Original Publish Date: March 7, 2017
As we continue through an era of change in healthcare, an unorthodox method of patient care is gaining popularity. Concierge Medicine, also commonly known as Retainer Medicine or Boutique Medicine, was established decades ago, but modern physicians have begun adopting this model. Janet Colwell, a writer for Medical Economics, cited that Concierge Medicine is growing 5-6% annually with a majority of the growth coming from Internal Medicine, Primary Care, and Family Medicine physicians. However, specialists such as pediatricians, osteopaths, gynecologists, dermatologists and mental health providers have started to venture this course as well. Concierge physicians generally target patients whose main goal is preventative care or acute-care, but many also continue to see patients who suffer from long-term or chronic conditions.
Physicians who have decided to build their practices based on this model feel it allows them the opportunity to provide patients with compassion, superior patient care and unlimited access to their services. They strive to make the appointment a positive experience and emphasize a relaxed atmosphere. By reducing their panels from the national average of 2,000-3,000 patients to 300-600 patients, providers are able to accommodate same day, or next day, appointments and, in some cases, even do house calls. Appointment times are longer and range from 30-45 minutes for acute-care or preventative visits. Annual exams are often scheduled at 90 minute intervals to allow the physician ample time to spend with the patient. In addition, concierge physicians are commonly available to their patients 24/7 via email and phone. Concierge physicians also report that due to decreased patient base, they are able to reduce the amount of office space and staff need, which helps to offsets the reduced revenue associated with seeing fewer patients.
By now you might be wondering how Concierge Medicine works and how it could profitable for the physicians. The answer is simple, patients pay a monthly or annual “retainer” fee for the physician’s exclusive service. Annual fees can cost as much as $5,000 but the national average is $1,800. The concierge physician service is designed with executives and individuals with demanding schedules in mind. Patients who choose these physicians tend to be upper middle- class and have an average annual household income of $125,000 to $250,000.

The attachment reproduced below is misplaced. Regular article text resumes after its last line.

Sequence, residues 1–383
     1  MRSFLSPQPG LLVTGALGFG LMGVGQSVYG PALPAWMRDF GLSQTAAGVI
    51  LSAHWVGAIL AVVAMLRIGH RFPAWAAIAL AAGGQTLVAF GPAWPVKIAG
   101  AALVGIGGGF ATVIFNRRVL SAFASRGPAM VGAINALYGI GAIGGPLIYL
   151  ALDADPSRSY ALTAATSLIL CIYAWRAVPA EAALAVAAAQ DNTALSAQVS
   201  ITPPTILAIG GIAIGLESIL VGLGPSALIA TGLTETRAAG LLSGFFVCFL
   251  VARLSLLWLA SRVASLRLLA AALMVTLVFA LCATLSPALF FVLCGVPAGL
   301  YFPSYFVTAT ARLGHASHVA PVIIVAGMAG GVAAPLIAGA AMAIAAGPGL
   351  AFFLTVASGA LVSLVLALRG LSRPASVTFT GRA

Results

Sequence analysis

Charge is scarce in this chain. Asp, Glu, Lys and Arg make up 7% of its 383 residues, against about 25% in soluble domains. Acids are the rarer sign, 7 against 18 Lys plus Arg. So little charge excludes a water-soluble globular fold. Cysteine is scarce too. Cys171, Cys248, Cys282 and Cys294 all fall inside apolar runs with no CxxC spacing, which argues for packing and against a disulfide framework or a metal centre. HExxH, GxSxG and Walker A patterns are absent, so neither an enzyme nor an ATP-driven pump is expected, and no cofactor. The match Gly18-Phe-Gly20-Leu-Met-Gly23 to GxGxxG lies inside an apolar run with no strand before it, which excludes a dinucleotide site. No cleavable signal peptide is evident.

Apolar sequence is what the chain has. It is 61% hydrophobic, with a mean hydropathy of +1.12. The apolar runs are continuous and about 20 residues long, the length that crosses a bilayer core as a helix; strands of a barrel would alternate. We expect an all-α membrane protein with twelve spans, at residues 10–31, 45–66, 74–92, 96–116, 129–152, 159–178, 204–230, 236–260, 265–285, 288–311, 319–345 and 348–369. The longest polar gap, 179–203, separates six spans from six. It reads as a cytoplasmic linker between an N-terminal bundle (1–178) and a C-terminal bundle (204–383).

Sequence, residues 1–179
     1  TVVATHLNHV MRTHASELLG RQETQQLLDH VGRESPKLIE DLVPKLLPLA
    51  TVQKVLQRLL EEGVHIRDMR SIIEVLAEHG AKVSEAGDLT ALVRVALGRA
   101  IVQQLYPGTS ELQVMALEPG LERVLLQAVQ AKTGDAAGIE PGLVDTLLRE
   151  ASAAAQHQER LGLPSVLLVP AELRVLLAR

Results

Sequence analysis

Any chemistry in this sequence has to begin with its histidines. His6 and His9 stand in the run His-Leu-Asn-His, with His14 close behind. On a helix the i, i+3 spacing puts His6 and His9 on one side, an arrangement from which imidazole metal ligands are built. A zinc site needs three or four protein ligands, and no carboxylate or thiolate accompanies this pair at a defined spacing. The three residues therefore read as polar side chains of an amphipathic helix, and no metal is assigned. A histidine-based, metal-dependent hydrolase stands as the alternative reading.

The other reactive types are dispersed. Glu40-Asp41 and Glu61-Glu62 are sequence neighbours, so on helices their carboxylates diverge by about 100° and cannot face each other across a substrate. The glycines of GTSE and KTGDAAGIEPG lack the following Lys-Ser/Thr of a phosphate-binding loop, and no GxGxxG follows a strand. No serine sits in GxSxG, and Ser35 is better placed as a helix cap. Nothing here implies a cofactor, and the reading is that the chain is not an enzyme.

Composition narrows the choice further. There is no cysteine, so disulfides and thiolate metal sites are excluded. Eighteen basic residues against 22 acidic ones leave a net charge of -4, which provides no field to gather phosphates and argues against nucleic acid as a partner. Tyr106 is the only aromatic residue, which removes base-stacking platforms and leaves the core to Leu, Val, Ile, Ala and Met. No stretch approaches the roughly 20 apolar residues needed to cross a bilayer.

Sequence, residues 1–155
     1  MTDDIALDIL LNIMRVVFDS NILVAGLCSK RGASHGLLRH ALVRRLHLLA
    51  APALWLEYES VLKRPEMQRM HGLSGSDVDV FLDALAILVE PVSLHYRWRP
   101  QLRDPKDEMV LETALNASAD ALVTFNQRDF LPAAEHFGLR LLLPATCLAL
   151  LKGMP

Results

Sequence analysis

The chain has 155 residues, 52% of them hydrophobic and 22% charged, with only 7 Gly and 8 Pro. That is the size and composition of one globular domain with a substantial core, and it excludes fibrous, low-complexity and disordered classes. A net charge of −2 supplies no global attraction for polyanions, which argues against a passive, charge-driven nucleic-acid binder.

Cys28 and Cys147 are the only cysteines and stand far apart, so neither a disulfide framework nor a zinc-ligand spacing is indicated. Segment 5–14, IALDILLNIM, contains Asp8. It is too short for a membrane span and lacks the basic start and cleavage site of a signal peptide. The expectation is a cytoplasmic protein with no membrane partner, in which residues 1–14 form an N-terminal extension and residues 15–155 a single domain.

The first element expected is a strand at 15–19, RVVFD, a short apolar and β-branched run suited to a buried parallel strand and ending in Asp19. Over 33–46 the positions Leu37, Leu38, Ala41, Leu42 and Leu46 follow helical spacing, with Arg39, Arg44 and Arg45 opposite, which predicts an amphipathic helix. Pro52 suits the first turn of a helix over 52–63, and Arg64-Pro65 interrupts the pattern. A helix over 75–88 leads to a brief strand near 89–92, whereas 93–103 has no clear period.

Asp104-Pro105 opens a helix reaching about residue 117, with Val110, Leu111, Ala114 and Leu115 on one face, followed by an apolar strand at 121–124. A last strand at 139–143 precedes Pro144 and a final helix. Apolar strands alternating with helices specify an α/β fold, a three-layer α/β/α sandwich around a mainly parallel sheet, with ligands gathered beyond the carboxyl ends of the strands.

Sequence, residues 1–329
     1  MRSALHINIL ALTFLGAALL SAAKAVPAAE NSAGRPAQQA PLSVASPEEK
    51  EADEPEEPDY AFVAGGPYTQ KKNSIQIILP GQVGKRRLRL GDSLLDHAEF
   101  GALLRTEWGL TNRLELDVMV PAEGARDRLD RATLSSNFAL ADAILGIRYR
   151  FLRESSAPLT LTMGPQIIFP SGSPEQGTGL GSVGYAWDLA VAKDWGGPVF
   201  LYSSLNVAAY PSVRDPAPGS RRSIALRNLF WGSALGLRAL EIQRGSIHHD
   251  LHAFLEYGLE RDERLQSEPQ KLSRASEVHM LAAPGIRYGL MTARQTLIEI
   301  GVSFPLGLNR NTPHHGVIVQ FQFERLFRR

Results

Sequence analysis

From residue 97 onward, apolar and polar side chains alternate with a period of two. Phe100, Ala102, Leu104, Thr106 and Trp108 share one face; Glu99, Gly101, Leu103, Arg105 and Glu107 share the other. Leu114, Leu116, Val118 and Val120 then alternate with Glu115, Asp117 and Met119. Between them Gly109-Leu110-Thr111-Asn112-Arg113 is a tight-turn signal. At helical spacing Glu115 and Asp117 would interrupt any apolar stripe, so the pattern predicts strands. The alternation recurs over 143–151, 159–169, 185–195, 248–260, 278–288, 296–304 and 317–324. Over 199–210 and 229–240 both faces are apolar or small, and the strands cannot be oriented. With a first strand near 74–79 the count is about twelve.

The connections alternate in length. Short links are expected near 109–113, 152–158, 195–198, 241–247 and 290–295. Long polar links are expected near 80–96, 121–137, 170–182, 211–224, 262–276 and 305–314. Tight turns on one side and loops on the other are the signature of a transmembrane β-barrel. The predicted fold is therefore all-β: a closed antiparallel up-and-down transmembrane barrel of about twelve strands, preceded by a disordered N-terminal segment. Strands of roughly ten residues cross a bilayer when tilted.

Patients who find this service to be ideal but cannot afford the retainer fees associated with Concierge Medicine could instead consider Direct Primary Care (DPC). DPC monthly fees are generally $100 or under, but the patient base for these physicians range from 600-800, which is significantly higher in comparison to Concierge Medicine (300-600), but is still significantly lower than the national average (2,000-3,000). The other factor that sets DCP apart from Concierge Medicine is that DCP tends to be direct pay only, meaning the physicians bill the patients directly for their service and do not utilize any insurance contracts, whereas physicians in Concierge Medicine will still typically bill insurance payers for routine care.
Critics of Concierge Medicine claim it is “unethical and immoral” because the retainer fees could exclude lower income patients who cannot afford to pay the fees for the service. They also claim that Concierge Medicine benefits the physicians more than the patients by reducing their workload and limiting the number of patients they service each year. However, concierge physicians maintain that this service allows them to return to “old fashioned” ideals where physicians are able to build a relationship with their patients and allows them to create a care plan that works with the physician and the patient.
If you are interested in seeking Concierge Medicine services in Ohio, it can be found in most major cities.. You can also follow the latest news in Concierge Medicine at conciergemedicinetoday.org.
Sarah is a Practice Manager at Medic Management Group, LLC. She earned her Bachelor’s degree in Health Care Administration at Kent State University and graduated magna cum laude. Since then she has worked exclusively with private practice physicians.
Sarah joined Medic Management Group in June 2015 and currently provides administrative oversight to a small practice, assists with new practice start-ups, and other client and corporate projects. She also provides clients with human resource management, payroll, and acts a supporting manager for other MMG Practice Administrators.